I worry about people who wait for review time to ask for feedback from the boss. Of course, your boss should be talking with you regularly about your work and your performance. She should be expressing any concerns and letting you know what you’re doing right. Unfortunately, formal performance reviews have become so bureaucratic and rote that many managers avoid them and employees are glad when the meeting is delayed.

Feedback

Don’t  wait for your boss to tell you how you’re doing. Without frequent feedback it’s very difficult to adjust your work behavior so you’ll perform well. In fact, feedback is so fundamental a control mechanism throughout our lives that I wonder how people could miss its significance in their careers.

Almost every life science (biology, psychology, medicine) involves the study of feedback. I remember this question on a biology exam in college: Why do animals have their brains at the front of their bodies rather than on the back end or in the middle? The answer is that, as the processor of sensory input, the brain is near the eyes, ears, nose and tongue. An animal’s sensory apparatus is positioned at the part of the body that goes first when the animal moves.

Why is that important? Because survival depends enormously on the ability to process input quickly. When an animal moves forward, instant feedback about the results of that action is crucial to the animal’s survival. The human brain is on top of the body because that’s where the most important sensory input arrives: a few feet off the ground. (Or so we’re told.)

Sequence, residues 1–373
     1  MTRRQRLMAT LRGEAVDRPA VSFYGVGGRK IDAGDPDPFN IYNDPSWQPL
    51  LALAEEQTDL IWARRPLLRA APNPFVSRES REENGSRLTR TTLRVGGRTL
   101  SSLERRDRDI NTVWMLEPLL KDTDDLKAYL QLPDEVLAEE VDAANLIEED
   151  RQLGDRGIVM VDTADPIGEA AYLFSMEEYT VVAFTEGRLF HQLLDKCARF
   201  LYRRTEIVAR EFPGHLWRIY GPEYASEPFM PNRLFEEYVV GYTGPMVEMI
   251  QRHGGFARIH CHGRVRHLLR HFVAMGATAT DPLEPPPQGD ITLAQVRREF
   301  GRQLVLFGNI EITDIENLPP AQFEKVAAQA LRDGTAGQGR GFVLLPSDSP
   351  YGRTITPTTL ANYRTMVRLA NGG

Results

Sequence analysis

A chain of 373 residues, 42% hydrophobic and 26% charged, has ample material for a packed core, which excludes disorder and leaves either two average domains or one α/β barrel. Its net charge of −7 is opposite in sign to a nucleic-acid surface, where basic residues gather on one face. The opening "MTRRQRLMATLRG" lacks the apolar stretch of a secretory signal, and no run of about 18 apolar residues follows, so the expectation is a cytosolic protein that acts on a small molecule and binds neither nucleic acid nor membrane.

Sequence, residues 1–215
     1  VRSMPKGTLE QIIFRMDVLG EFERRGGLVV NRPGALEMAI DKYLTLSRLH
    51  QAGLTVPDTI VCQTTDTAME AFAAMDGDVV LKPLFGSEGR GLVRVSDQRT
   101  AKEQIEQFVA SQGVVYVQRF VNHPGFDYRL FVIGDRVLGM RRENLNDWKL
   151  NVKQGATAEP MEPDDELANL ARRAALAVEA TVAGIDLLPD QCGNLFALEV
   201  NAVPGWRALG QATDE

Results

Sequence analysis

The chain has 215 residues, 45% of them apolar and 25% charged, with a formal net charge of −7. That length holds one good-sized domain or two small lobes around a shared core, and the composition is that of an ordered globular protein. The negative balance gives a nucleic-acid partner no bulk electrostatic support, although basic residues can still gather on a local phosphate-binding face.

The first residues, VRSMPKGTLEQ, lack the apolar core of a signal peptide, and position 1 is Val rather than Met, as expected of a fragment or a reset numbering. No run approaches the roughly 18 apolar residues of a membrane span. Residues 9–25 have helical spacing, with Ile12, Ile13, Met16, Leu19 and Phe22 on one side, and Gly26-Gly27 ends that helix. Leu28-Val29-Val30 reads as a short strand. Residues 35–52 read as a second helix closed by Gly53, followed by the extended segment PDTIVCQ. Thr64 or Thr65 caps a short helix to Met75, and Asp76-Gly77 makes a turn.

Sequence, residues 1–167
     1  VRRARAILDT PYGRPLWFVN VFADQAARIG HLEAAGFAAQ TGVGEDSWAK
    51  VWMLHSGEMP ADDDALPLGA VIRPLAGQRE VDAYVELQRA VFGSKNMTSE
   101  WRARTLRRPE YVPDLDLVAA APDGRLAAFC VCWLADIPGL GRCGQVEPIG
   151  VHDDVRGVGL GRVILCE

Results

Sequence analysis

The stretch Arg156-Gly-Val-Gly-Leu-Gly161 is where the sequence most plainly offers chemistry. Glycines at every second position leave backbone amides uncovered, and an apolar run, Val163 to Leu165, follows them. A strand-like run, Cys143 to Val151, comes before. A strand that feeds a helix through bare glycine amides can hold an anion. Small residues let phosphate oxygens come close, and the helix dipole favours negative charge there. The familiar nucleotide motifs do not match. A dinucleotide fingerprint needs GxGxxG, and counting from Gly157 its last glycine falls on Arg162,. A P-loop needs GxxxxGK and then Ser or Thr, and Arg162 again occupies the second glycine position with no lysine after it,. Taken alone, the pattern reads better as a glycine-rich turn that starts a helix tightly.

Imagine what would happen to a horse galloping towards the edge of a cliff. If its brain and sensory apparatus came last, the animal would likely go over the cliff before it could process the visual input that provides feedback about danger and motion.

Get feedback early and often

This is why, when you’re doing your job, it helps to gather feedback early and often – to help you avoid going over a cliff. There’s very little difference between that horse and the employee who fails to get regular feedback and is fired for not doing the work in the way expected.

Make your case

Feedback is also a great tool to help you make more money: How should I ask for an overdue raise?

Studies have shown that people who ask for feedback tend to do a job the way the boss wants it done, and they tend to get promoted. Even more interesting is that younger workers seem to ask for feedback more than older workers. (They get promoted more often, too.)

Asking your boss, “How am I doing?” doesn’t imply that you lack confidence. It shows that you’re trying to do the job the way the boss wants it done. While you may have great suggestions about how to do the work better, what matters most is that you talk to your boss and listen to what the boss has to say. The feedback you receive should direct your behavior on the job.

Create a feedback loop

If there’s a problem, a feedback loop can help you identify it early and give you (and your boss) time and a chance to adjust your behavior, or to make other necessary choices before the matter is beyond your control.

Creating a regular feedback loop is not hard. Keep it informal. One or more of these tips should get you started on a path that avoids surprises at review time.

  • When your boss gives you a new assignment, map out your approach, show it to your boss, and ask for comments and suggestions.
  • When you complete all or part of a project, show the results to your boss and ask for feedback on how you did it.